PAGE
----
In May 1988, a 13-year-old girl named Ashley King was admitted to Phoenix Children’s Hospital by court order. She had a tumor on her leg—an osteogenic sarcoma—that, writes Jerry Coyne in his book Faith Versus Fact, was “larger than a basketball,” and was causing her leg to decay while her body started to shut down. Ashley’s Christian Scientist parents, however, refused to allow doctors permission to amputate, and instead moved their daughter to a Christian Science sanatorium, where, in accordance with the tenets of their faith, “there was no medical care, not even pain medication.” Ashley’s mother and father arranged a collective pray-in to help her recover—to no avail. Three weeks later, she died.
Had Ashley received medical care, Coyne writes, she would likely have recovered. The Kings, tried in an Arizona court for negligent homicide, expressed no remorse, pleaded no contest, and were convicted on a lesser charge. They effectively escaped punishment, because their actions were faith-motivated. “Had the Kings been atheists,” Coyne writes, “there was a good chance [Ashley] would have lived.”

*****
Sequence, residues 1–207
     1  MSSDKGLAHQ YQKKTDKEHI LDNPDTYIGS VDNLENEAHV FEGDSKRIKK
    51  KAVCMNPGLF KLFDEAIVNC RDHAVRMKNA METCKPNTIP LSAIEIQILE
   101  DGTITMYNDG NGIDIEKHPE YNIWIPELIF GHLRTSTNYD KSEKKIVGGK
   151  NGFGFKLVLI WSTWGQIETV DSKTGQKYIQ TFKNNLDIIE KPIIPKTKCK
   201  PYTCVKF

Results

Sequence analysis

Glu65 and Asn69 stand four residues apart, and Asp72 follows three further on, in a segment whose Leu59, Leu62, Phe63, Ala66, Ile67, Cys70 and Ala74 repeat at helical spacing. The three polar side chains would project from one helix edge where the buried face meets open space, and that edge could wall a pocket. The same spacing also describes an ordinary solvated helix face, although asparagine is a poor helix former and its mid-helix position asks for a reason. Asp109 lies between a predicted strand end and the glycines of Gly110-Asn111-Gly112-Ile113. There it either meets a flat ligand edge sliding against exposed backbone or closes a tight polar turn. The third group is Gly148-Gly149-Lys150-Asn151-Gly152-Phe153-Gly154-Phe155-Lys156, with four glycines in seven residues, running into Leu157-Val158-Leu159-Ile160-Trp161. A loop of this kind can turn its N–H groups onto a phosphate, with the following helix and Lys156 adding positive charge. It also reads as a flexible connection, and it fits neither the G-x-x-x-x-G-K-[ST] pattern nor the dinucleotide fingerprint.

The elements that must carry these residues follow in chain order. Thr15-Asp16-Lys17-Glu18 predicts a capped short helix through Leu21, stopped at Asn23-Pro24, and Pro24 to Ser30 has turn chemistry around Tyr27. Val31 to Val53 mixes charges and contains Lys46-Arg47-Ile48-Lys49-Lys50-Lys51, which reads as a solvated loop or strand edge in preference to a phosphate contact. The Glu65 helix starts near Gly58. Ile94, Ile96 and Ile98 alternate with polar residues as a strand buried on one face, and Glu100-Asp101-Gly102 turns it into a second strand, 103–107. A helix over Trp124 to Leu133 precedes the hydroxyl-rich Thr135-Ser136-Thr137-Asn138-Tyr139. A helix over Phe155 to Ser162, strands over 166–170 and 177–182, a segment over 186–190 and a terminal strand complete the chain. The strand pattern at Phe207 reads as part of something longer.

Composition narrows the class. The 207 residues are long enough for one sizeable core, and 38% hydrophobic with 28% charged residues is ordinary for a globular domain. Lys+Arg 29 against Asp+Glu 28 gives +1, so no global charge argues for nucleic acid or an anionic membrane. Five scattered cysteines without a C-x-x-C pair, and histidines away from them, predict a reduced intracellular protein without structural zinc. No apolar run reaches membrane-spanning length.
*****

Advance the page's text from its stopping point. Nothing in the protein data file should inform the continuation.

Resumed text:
This tragic story backs up the chief argument Coyne, an evolutionary biologist at the University of Chicago, makes in Faith Versus Fact, namely that “it is time for us to stop seeing faith as a virtue, and to stop using the term ‘person of faith’ as a compliment.” In the book’s 262 pages, Coyne tackles arguments stating that belief in God is a laudable quality, and reasons instead that faith is detrimental, even dangerous, and fundamentally incompatible with science, even while peacemakers try to find common ground between the two. Coyne, it should be noted, has spent much of his career objecting to religious rejection of Darwinism—he published a bestseller, Why Evolution Is True, that was based on his blog of the same name. In Faith Versus Fact, his overarching argument is that religion and science both make claims about the universe, but only one of the two institutions is sufficiently open to the fact that it might be wrong.